Originally published as a short story in 1959, Flowers for Algernon by Daniel Keyes is an award-winning science fiction novel that deftly explores the shifting nature of identity, the ethics of human experimentation, and society’s treatment of people with intellectual disabilities.

Because Flowers for Algernon was published in the mid-20th century, it contains outdated language used to describe intellectual disabilities. A brief lesson on the story’s historical context and the evolution of disability terminology may be appropriate before starting the book, as some students may find the obsolete terms to be offensive.

Flowers for Algernon is told through a series of progress reports written by the main character, Charlie. Through this epistolary format, readers receive a firsthand account of Charlie’s unfathomable rise—and rapid fall—in intelligence. Because the story is told completely from Charlie’s perspective, students should question Charlie’s reliability as a narrator. How do the changes in Charlie’s cognitive development impact his credibility when relaying events?

At the novel’s start, Daniel Keyes includes an epigraph quoting the philosopher Plato’s treatise, The Republic. In this excerpt, Plato discusses "The Allegory of the Cave," in which people are chained inside a dark cave and watch the shadows of real things projected on the cave walls. One man escapes and ventures into the light, where he comes to know reality. When he returns to share his experiences, the others don’t believe him. After finishing Flowers for Algernon, consider revisiting this epigraph with your students. What does the allegory tell us about perceived realities? In what ways does Charlie’s story parallel that of the man who escaped the cave?

Keep reading to learn more about teaching Flowers for Algernon!

Summary of Flowers for Algernon

Key Facts

  • Publication Date: 1966
  • Length: 216 pages
  • Lexile Measure: 910
  • Recommended Grade Band: Lexile measure appropriate for grades 7-8, but content better suits this work for early high school

Charlie Gordon, a man with an intellectual disability, is chosen to undergo a scientific procedure designed to boost his IQ. The operation, which was previously performed successfully on a lab mouse named Algernon, causes Charlie’s intelligence to eventually surpass that of his doctors and his special needs teacher, Alice Kinnian.

With his increased cognitive abilities, Charlie starts to understand why people mistreated him before the operation and falls into depression. His emotions reach a breaking point when Algernon begins to show signs of cognitive decline. Knowing the effects of the experiment are only temporary, Charlie tries to reconcile with his estranged family and come to terms with his romantic feelings for Alice before his cognition regresses.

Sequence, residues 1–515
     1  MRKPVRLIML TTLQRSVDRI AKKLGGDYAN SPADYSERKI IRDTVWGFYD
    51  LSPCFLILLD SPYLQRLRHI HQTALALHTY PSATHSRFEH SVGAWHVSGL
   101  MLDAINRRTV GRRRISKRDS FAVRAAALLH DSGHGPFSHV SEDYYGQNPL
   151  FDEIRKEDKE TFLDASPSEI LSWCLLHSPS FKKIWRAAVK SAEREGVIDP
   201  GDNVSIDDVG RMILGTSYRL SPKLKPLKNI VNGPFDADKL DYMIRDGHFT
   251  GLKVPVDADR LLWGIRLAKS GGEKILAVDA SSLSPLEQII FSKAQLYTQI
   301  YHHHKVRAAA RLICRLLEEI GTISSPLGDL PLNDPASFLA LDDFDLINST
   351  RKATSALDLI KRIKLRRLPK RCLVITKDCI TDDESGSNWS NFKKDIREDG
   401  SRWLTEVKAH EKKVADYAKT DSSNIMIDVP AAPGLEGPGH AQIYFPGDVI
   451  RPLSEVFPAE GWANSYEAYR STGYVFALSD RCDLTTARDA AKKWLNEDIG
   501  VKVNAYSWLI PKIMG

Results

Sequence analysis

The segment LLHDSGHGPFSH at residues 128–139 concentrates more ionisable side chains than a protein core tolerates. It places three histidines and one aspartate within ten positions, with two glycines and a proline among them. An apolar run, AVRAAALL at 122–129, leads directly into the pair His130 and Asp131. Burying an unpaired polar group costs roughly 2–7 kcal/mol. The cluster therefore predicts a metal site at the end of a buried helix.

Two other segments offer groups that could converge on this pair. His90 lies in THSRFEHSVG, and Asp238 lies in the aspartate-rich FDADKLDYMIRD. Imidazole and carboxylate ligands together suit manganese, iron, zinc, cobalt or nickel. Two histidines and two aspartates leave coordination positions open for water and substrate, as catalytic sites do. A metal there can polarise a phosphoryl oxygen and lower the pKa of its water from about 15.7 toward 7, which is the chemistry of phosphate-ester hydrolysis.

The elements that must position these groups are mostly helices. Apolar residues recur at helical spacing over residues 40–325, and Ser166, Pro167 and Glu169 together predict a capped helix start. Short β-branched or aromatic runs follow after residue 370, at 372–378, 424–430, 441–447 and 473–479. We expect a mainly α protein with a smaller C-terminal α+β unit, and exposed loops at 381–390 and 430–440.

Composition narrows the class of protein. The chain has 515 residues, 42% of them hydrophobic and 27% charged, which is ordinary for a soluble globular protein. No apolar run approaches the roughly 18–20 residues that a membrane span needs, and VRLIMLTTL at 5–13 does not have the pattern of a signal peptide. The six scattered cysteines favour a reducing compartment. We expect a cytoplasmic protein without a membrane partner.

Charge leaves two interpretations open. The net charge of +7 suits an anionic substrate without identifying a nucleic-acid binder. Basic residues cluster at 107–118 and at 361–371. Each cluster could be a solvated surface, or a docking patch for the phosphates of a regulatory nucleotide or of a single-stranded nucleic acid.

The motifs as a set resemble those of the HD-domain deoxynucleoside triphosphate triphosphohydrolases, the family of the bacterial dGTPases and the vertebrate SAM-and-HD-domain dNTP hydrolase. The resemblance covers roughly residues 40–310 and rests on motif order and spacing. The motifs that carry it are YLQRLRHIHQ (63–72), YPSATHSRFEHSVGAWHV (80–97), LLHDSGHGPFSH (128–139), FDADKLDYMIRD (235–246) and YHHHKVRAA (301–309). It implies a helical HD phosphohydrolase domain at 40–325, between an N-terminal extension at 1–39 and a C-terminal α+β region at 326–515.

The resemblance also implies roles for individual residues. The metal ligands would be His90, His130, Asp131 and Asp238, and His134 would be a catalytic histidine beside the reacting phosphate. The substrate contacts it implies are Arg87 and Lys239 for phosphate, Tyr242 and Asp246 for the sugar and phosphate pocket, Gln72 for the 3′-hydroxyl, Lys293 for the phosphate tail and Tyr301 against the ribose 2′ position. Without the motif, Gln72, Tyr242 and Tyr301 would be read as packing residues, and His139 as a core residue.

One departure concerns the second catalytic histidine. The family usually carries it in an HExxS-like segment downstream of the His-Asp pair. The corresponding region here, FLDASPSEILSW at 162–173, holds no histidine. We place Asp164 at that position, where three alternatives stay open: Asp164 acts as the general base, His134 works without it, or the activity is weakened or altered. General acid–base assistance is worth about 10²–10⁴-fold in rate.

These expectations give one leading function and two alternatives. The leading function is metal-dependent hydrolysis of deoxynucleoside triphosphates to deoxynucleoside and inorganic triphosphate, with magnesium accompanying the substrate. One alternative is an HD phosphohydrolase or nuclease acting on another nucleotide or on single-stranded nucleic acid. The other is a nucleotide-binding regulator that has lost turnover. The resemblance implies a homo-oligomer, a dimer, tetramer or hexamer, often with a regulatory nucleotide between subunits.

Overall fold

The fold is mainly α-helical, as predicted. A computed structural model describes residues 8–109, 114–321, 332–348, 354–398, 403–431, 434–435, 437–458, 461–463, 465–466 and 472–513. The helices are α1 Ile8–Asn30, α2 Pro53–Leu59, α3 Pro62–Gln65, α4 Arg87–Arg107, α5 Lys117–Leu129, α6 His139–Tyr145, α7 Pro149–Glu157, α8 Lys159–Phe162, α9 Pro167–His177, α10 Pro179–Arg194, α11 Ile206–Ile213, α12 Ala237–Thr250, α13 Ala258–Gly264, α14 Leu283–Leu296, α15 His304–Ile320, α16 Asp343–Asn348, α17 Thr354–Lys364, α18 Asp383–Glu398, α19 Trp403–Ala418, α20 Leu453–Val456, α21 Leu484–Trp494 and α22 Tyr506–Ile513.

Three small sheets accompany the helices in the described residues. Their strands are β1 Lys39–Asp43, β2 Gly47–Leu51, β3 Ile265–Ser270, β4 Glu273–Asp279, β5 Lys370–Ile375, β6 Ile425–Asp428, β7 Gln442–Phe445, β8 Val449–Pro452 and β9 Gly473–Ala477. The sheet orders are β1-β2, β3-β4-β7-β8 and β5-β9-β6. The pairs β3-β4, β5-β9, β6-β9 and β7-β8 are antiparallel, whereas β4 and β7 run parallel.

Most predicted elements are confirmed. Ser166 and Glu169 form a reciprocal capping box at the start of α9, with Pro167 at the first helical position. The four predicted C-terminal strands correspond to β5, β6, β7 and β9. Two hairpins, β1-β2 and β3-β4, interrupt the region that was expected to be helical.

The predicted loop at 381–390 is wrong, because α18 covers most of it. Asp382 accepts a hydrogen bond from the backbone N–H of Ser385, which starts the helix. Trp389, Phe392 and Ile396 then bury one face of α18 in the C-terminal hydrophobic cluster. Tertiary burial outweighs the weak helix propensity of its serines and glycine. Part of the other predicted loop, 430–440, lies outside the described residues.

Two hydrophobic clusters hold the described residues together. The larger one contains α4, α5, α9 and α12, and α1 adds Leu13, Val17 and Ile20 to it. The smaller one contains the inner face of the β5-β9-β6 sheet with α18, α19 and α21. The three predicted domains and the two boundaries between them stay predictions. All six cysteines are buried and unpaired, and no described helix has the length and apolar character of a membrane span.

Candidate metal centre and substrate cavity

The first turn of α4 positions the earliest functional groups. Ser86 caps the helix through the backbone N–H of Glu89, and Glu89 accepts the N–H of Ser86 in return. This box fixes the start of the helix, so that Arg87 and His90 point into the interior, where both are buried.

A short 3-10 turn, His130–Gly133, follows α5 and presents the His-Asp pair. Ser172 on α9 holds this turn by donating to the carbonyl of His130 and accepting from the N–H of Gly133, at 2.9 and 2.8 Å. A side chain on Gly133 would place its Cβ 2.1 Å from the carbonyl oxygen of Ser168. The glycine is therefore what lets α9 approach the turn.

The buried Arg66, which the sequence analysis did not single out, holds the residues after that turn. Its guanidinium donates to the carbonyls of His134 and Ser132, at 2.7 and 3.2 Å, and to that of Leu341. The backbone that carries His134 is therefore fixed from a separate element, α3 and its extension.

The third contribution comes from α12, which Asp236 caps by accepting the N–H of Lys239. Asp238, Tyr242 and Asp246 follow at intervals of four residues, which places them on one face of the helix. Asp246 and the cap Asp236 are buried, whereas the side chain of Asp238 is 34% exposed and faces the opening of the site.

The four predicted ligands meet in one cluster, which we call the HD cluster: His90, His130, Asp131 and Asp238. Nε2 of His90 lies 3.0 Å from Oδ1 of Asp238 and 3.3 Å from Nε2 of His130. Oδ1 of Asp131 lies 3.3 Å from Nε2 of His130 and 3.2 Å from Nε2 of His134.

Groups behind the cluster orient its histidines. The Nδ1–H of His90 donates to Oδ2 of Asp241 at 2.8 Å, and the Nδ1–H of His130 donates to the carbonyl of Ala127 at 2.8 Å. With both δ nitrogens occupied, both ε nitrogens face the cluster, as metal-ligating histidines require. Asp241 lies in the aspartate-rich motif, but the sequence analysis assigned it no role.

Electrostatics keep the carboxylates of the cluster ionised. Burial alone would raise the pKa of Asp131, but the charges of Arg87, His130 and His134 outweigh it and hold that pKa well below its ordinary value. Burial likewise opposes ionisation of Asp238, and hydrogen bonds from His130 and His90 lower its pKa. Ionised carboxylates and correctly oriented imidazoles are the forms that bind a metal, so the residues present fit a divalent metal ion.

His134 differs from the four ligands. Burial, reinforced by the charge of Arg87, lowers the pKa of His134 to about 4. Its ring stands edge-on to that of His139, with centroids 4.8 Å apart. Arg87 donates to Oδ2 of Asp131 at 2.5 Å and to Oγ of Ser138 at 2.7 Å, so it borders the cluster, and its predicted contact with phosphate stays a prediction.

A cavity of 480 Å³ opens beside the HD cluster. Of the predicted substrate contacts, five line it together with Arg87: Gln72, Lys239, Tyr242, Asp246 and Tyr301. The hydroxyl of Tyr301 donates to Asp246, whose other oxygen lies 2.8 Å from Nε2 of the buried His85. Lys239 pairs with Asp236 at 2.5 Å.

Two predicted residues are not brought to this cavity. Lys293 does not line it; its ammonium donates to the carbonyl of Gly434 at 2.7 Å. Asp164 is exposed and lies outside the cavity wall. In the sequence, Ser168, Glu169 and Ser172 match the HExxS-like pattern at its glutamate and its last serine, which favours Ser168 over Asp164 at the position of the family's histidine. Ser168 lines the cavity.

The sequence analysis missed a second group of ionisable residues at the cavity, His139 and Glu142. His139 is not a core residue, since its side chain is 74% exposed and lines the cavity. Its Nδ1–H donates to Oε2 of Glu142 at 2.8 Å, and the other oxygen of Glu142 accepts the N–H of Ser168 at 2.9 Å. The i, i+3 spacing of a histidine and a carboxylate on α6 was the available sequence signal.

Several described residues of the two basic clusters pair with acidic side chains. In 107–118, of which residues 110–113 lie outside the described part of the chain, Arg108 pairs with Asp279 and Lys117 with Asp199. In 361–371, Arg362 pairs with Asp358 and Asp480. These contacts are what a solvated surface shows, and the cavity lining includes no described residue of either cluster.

Content Warning: Flowers for Algernon contains mild language, sexual themes, and brief descriptions of child abuse.

What Your Students Will Love About Flowers for Algernon

  • The immersive writing in the form of Charlie’s progress reports
  • The fascinating science fiction elements

Potential Student Struggles With Flowers for Algernon

  • The negative attitude and mistreatment toward people with intellectual disabilities
  • The abuse Charlie experiences by his mother and sister

Learning Objectives for Flowers for Algernon

  • Discuss the nature of intelligence—is it purely a scientific concept, or does it involve emotional depth as well?
  • Analyze the ways in which intelligence can be alienating.
  • Examine the use of flashbacks to illustrate Charlie’s character development.
  • Trace the developing connection between Charlie and Algernon.
  • Evaluate how Charlie’s style of writing changes as his intelligence both grows and diminishes.

Literary Elements in Flowers for Algernon

  • Allusion
  • Epigraph
  • Flashback
  • Foreshadowing
  • Irony
  • Metaphor
  • Motif
  • Symbolism
  • Theme
  • And more!

Major Themes in Flowers for Algernon

Isolation — While Charlie experiences heightened intelligence after having the operation, he finds himself isolated from others due to both his mental superiority and lack of emotional maturity.

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ScienceFlowers for Algernon explores the ethics surrounding human experimentation in the name of science. Was Charlie’s experience throughout the experiment justified for its potential scientific breakthroughs, or did he suffer needlessly?

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Identity — After the operation, Charlie struggles to take ownership over his newer, smarter identity while grappling with his past self.

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Other Resources for Flowers for Algernon

Order Flowers for Algernon Resources from Prestwick House

Resource Format
Flowers for Algernon Paperback Student Edition
Flowers for Algernon Teaching Unit Reproducible Downloadable 30-Book Set
Flowers for Algernon AP Teaching Unit Reproducible Downloadable 30-Book Set
Flowers for Algernon Activity Pack Reproducible Downloadable 30-Book Set
Flowers for Algernon Response Journal Reproducible Downloadable 30-Book Set
Flowers for Algernon Multiple Critical Perspectives Reproducible Downloadable 30-Book Set
Flowers for Algernon Complete Teacher's Kit Reproducible Downloadable 30-Book Set